Alaska statute title 29 chapter 40 planning platting and land use regulation

Alaska Statute: Title 29, Chapter 40Planning, Platting and Land Use Regulation

  • 29.40.010. A first or second class borough shall provide for planning, platting, and land use regulation on an areawide basis.

  • 29.40.020. Each first and second class borough shall establish a planning commission consisting of five residents… the planning commission shall:

    • Prepare a comprehensive plan

    • Review, recommend, and administer measures to implement the comprehensive plan.

Planning commission duties

Planning Commission Duties

  • Prepare a comprehensive plan

  • Act as the platting authority

  • Review and recommend land use regulations

  • Review and recommend property rezones

  • Act on variances and conditional use permits

  • Review land acquisitions and disposals

  • Hear appeals from administrative decisions

  • Review and recommend capital improvements

Planning commission duties continued

Planning Commission Duties (continued)

  • Review annual planning budget

  • Approve planning department’s annual work program

  • Initiate planning projects

  • Coordinate with other agencies’ plans

  • Conduct public meetings and hearings

  • Other duties as authorized by ordinance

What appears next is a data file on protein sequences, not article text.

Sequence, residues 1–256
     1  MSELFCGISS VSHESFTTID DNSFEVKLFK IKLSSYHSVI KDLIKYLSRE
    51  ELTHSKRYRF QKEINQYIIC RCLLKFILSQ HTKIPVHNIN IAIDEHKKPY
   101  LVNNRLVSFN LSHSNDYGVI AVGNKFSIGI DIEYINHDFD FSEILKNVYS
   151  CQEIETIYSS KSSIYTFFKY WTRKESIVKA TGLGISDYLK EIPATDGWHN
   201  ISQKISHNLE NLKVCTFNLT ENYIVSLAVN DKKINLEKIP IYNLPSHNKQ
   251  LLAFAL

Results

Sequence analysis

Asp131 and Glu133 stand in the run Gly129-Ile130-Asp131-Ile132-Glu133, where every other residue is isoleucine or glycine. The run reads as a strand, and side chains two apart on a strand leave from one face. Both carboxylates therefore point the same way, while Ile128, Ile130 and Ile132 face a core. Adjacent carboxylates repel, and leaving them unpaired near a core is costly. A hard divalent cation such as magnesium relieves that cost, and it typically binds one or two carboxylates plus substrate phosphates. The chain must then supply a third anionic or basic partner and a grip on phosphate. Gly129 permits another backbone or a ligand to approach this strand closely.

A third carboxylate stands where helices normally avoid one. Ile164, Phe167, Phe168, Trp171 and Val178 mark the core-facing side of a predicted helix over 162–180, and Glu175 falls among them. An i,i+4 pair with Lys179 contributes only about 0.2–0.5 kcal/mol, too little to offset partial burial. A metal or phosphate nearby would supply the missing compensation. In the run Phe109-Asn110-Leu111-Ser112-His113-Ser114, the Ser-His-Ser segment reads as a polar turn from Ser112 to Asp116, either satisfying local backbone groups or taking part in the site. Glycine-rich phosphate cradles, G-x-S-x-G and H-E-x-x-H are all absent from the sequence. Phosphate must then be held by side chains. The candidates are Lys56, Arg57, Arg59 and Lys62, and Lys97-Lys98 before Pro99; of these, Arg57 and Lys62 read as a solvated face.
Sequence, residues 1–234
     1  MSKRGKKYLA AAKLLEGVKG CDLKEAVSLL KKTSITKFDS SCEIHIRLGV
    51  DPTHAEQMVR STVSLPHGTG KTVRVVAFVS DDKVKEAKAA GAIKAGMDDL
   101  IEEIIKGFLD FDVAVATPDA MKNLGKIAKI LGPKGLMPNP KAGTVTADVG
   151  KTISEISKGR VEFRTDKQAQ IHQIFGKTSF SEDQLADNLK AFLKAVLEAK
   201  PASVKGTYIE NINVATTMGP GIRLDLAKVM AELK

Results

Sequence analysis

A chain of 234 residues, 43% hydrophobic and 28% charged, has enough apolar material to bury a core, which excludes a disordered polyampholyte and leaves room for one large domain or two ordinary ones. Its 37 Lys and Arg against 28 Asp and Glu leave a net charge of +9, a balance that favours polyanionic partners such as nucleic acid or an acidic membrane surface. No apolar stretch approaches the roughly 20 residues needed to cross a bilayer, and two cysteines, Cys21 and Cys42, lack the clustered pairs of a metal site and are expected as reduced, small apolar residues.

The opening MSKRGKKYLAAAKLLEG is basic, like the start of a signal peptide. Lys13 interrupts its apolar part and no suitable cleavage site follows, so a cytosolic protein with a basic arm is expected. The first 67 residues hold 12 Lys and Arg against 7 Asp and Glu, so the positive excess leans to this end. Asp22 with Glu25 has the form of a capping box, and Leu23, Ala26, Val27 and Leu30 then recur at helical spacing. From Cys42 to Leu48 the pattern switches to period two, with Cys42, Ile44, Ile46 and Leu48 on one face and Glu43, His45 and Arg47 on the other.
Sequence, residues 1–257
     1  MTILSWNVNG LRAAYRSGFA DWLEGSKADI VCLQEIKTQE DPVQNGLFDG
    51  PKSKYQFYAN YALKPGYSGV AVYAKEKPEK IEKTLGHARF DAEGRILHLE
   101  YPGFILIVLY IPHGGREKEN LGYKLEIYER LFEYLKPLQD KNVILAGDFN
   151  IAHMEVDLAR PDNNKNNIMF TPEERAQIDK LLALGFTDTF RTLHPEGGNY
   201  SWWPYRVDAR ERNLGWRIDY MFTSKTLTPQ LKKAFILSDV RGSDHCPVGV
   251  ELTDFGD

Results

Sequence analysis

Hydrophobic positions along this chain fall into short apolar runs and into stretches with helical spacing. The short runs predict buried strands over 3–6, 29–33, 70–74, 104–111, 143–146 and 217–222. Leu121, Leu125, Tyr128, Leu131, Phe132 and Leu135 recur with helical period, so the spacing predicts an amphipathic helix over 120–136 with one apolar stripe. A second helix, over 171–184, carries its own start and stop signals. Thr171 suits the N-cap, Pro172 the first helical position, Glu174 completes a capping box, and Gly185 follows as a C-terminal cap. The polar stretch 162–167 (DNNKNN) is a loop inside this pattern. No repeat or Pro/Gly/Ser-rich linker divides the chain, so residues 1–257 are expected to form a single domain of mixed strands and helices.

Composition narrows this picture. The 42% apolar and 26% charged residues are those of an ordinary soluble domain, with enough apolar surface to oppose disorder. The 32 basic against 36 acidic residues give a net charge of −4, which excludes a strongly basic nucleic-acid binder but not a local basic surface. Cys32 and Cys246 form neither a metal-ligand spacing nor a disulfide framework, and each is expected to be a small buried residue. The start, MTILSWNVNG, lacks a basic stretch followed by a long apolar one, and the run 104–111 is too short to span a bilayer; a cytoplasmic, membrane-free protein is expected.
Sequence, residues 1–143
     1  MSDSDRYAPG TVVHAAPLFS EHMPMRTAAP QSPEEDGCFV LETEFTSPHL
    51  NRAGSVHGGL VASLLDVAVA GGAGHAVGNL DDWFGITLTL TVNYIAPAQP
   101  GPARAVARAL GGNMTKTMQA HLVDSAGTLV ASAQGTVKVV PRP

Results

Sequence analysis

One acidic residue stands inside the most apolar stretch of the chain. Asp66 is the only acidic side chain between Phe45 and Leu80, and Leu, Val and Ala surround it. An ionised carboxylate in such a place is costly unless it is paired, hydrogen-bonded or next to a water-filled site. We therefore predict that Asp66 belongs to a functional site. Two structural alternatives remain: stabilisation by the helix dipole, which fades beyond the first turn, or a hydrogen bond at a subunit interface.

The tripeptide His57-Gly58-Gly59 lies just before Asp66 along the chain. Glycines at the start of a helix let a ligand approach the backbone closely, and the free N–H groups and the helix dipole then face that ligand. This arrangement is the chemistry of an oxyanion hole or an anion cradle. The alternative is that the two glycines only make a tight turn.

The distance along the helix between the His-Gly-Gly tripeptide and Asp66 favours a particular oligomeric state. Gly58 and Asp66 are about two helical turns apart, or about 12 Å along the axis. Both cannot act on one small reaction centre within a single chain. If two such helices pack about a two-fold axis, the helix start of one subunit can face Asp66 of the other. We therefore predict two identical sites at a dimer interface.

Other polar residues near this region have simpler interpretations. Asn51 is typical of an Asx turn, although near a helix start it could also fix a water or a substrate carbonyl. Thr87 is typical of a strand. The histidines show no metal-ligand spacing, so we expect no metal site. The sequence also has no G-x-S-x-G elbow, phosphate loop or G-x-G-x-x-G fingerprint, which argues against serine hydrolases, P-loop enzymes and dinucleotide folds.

City of nome 11 10 070 powers and authorities

City of Nome11.10.070 Powers and authorities.

The planning commission shall:

(a)  Prepare and recommend to the city council a comprehensive plan, with amendments and modifications from time to time, for the systematic development of the city;

(b)  Prepare and recommend to the city council land use regulations for the implementation of the comprehensive plan consistent with Alaska Statutes;

(c)  Prepare and recommend to the city council a coastal management program consistent with Alaska Statutes;

(d)  Prepare and recommend to the city council coastal management regulations for implementation of the coastal management program;

(e)  Prepare and recommend to the city council regulations for the control of platting and subdivision consistent with Alaska Statutes;

(f)  Prepare and recommend to the city council an official map of the city;

(g)  Act as the Nome platting board;

(h)  Review applications for development compliance certification, and act upon requests for variances and conditional uses;

(i)  Prepare and recommend to the city council rules and regulations for the conduct of meetings of the Nome planning commission in all of the capacities provided by law; and

(j)  Assume such other authority and perform such other duties as the city council may prescribe from time to time.

Characteristics of an ideal planning commission



Understands community

Understands public process

Committed to planning

Maintains objectivity

Declared conflict of interests

Balanced special interests

Characteristics of an “Ideal” Planning Commission

How a planning commission operates


Planning commission roles

Planning Commission Roles

It is [or should be] a panel with knowledge of community character, local regulations, and community development practice.